5 Questions with Orhan Pamuk


in Blog

Orhan Pamuk is one of the world’s best-known novelists. The Nobel Prize-winning author’s fictions often focus on the lives, times, and people of his native Istanbul. His latest novel, A Strangeness in My Mind, was six years in the writing and tells of the life of one street vendor in the city. TSS editor Richard Abowitz reached Pamuk by phone in New York where he teaches at Columbia University.

TSS: The title of your new novel, A Strangeness in My Mind, comes, of course, from a Wordsworth poem — a massive work, The Prelude — but I’m struck by the way you use it, because, you know, we think of Wordsworth as a poet that loved nature, and, while he was pre-industrial revolution, he wasn’t exactly a fan of what he saw coming. You use it, in your new book: “In a city, you can be alone in a crowd, and in fact what makes the city a city is that it lets you hide the strangeness in your mind inside its teeming multitudes.” How did you think of applying Wordsworth to a city and as the title for your book?

OP: The great thing about poetry, and in fact literature, is that we don’t only read it in the context that it’s written. Wordsworth and his friends invented what we today in an exaggerated way call “romantic poetry.” If with that we mean that imagination — capacity to see strange things that mean more than the physical — goes beyond what’s given to us, beyond the reality of the present, I agree with Wordsworth. Actually, my character, Mevlut Karataş, is not a rich kid, but a street vendor who sells boza, a fermented Ottoman beverage, in the streets of Istanbul between 1970 and today, but his imagination is alert. I gave six years to render the humanity of a lower-class character who has a great imagination. Though my character, by class and by culture, is unlike me, he has some parts of my imagination and my mind. In my childhood, even in my early 20s, my friends used to tell me, “Orhan, you have a strange mind.” And then, years later, when I was reading Wordsworth, I came across this line, and I said to myself, “One day, I am going to write a novel and make the title A Strangeness in My Mind.” Then, many, many years later, I wrote Mevlut Karataş, this lower-class character, who I did my best to identify with, to deserve this title, so to speak. It both alludes to the character’s imagination and also to the city that he is walking around and working, working, walking, walking, all the time.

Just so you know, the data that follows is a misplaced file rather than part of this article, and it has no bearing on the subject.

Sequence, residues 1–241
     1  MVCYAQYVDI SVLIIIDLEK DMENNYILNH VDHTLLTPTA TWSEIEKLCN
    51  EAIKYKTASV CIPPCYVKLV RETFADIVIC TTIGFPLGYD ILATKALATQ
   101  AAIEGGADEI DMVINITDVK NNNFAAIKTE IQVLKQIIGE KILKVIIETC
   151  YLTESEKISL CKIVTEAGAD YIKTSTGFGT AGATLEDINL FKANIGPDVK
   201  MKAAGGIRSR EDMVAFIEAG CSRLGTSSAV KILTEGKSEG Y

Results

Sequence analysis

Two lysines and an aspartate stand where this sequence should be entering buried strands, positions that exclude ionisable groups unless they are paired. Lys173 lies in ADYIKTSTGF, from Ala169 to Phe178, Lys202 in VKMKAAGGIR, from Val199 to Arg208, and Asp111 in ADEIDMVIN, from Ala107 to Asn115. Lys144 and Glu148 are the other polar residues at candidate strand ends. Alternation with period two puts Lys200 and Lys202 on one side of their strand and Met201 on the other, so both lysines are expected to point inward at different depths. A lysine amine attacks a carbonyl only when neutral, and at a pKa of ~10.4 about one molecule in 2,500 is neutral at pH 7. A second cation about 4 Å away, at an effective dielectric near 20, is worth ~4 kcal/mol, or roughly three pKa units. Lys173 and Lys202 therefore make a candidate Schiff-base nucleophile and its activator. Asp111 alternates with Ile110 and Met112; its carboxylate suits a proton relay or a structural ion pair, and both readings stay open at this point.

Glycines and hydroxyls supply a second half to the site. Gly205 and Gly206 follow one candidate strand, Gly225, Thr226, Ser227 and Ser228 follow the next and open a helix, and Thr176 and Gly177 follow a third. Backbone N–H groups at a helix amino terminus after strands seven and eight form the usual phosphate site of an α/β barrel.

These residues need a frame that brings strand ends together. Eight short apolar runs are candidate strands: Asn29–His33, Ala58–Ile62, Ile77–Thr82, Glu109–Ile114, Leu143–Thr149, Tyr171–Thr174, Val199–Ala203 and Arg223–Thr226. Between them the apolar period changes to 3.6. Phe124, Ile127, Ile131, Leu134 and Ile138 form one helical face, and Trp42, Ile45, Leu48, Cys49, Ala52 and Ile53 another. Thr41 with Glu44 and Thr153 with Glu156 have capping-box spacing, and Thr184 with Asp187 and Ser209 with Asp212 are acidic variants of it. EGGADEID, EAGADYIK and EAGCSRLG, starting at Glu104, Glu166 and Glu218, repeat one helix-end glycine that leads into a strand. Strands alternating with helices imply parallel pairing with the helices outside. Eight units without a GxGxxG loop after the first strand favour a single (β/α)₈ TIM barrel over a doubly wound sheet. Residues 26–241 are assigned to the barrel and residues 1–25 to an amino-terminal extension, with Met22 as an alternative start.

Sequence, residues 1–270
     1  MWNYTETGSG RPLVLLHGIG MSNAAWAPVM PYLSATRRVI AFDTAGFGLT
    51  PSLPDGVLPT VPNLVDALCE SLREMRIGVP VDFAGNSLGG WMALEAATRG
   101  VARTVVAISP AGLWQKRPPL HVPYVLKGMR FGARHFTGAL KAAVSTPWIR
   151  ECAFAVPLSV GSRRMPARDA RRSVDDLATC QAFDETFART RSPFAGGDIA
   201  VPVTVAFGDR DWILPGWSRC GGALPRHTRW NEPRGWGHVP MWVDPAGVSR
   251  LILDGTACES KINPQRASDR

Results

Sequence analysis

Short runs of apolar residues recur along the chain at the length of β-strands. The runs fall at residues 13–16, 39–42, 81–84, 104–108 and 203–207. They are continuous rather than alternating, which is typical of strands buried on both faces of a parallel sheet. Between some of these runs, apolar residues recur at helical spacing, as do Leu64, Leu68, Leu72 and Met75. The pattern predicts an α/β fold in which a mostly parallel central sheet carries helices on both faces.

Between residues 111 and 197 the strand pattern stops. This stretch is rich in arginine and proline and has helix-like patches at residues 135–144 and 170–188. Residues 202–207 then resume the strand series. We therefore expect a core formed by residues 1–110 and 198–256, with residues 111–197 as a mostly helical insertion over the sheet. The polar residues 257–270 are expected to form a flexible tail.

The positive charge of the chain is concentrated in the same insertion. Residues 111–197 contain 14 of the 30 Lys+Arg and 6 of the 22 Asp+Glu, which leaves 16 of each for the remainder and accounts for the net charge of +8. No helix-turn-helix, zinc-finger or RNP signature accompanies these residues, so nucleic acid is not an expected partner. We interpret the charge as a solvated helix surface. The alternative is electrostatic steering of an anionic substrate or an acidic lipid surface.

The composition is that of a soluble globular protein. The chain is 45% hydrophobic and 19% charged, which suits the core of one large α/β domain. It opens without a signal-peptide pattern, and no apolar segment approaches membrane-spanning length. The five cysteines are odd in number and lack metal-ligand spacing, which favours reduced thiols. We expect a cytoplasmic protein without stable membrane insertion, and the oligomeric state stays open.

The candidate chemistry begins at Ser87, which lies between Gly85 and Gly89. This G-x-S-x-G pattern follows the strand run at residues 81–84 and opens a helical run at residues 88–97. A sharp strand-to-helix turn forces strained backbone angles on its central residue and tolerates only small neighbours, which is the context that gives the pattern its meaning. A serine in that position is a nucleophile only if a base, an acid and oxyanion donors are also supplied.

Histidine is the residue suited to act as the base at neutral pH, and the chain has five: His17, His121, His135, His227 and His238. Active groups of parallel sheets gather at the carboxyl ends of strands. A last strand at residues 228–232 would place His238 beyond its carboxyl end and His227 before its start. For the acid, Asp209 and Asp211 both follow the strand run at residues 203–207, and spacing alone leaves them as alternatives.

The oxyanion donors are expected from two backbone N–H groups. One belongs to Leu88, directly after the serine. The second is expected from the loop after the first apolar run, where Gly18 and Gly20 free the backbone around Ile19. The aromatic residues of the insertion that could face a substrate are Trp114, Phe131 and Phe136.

TSS: I think of Dickens or I think of Horatio Alger Jr., where you meet a poor street vendor and you expect him to rise up in the world — the bildungsroman, the coming-of-age novel. Your street vendor doesn’t quite have that; it’s not the story of his economic rise in the way that maybe a reader might be trained to expect.